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Issue of July 23, 2014
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Halloween and families


Community conversations


October 23, 2013 | 09:15 AM

There are a lot of scary things going on these days, and they aren't all connected with Halloween. Our government had been shut down due to discord among lawmakers, our climate is changing as a result of human actions and foreign countries are experiencing civil wars and terrorist activity. It will take more than a Halloween mask to hide us from the turmoil.

Recently, I had a reunion with an old friend from Tokyo. I have written about him in this column as the once little boy who was saved from starvation by a daily "little bowl of noodles" at the end the World War II. His dedication to productive bonds between our two countries comes from his appreciation of the American food relief during the reconstructive period in his hometown.

At our recent meeting, he was pondering, "What makes a society peaceful." We chatted about those things that make for quality individuals and ethically productive communities. What ingredients are essential for individual health and the well being of the total world community?

We parted company that day more perplexed than ever but with a zeal to keep thinking about the greatest problem of mankind: how to build a future with peace within each of us and between all of us.

I gained a little insight while touring the historic area where the Pilgrims landed. The Plymouth colony was the first settlement in this new world founded by families rather than single men. As we climbed on the replica Mayflower, we were told of the 50 men, 20 women and 30 children who were crammed in its small quarters for 66 days. The beds were tiny and hard, and even standing room would have been scarce. There was no privacy, the food was of poor quality and almost everyone got sick. Now, these were miserable people and our problems of today would certainly have seemed beyond them.

We visited the restored Plymouth town looking for clues as to how they survived. Just keeping alive was a major hurdle, particularly for the women and children. I image they took better care of their health and living conditions than a bunch of single adventurous men would have. Because they came with children, they planned for the future. This meant they needed institutions to foster learning skills and to develop beliefs that would fortify them. So, churches and schools were part of the early colony. They built communities for immediate security and long-term sustainability. They made permanent settlements, not temporary outposts. They had mutually agreed upon standards, laws and governing bodies. They acted like an interdependent family.

By contrast, I remember visiting my sister who lived in upscale Carmel, Calif. While I was there, she spent a lot of her time on the phone trying to promote a bond issue to keep the public schools open. They did not, as I recall, have enough savings to replace the old boilers on the schools' furnaces. The problem was that most of the citizens in that plush part of the world were retired and seemed to believe that schools were "no longer their problem."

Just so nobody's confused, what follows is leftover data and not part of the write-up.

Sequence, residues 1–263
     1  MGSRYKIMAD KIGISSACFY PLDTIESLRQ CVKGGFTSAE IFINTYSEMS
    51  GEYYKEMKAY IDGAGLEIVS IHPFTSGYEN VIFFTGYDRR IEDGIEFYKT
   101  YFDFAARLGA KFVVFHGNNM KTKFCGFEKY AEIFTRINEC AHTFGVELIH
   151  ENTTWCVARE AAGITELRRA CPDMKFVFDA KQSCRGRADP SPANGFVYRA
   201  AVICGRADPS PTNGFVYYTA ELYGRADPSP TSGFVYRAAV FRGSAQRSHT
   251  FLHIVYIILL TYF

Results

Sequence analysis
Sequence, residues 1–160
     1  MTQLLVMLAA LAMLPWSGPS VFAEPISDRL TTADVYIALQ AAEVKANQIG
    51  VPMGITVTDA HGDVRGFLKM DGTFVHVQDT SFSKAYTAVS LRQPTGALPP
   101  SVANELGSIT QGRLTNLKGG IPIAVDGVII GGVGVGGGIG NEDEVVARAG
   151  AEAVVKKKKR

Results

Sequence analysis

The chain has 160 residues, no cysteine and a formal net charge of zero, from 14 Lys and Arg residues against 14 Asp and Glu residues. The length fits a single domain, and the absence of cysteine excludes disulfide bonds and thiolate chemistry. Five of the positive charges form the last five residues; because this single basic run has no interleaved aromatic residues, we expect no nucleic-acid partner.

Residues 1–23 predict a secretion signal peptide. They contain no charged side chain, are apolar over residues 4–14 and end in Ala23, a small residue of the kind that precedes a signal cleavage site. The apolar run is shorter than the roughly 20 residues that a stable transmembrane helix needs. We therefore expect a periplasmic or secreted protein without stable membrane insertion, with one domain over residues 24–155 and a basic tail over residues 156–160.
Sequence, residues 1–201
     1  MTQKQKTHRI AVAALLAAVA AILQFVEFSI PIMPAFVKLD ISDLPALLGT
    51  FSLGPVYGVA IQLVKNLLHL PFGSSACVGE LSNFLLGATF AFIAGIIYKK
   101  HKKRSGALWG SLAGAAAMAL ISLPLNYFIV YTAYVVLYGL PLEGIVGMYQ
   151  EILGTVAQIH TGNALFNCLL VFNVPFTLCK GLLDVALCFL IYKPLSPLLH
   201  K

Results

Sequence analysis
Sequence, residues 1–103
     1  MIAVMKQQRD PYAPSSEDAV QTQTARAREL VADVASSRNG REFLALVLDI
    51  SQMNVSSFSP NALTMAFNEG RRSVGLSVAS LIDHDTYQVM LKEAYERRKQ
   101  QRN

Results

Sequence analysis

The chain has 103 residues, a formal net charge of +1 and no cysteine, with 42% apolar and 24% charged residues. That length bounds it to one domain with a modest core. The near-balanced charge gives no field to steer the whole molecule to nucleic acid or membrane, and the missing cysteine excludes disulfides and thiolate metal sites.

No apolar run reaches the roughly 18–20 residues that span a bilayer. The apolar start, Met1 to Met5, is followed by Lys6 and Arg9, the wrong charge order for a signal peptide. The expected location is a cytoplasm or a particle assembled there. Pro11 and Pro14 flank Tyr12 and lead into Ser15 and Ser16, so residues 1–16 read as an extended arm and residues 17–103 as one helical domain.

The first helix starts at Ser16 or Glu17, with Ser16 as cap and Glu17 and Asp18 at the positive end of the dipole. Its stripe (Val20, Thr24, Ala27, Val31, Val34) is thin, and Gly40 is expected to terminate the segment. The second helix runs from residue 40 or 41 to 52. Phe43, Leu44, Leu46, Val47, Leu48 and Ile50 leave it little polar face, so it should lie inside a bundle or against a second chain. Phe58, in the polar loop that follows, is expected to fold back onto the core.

It is easy to become focused on our own personal interests as we journey through life's obstacles. Family involvement reminds us daily of the need to be part of a group for survival.

As I walked through the museum village of Plymouth, I thought of our own Southern Indiana communities. Are we family friendly? What do we need to provide that will develop quality individuals and productive peaceful communities? Do we have public spaces where we get to know each other during common experiences? Do we provide intergenerational opportunities? Do we make the amenities of our communities available to all? Can a person access their needs and wants in a way that respects their individuality? Do we welcome and appreciate diversity of ideas and cultures? Are we eager and encouraging to elements of change? Do we encourage discussion of issues and ideas as families and as a community? It takes both a positive mindset and up-to-date physical infrastructure to build workable communities.

Do you believe you are a part of the community family in our county? Does it matter to you what happens to others? Are you aware of what is going on in your community? What do you wish The Corydon Democrat and the Clarion News would provide in their publications to enable you to be more involved with your family, friends and neighbors?

To live in a family-friendly place is no trick; it is a real treat. In autumn, we are surrounded by the reminders of planting and harvesting, of communal accomplishments that prepare us for the future. We are the descendants of those early immigrants to our country. We carry the courage, integrity and vision they possessed. As I look around Southern Indiana, I see fertile conditions for the richest lifestyle on Earth.

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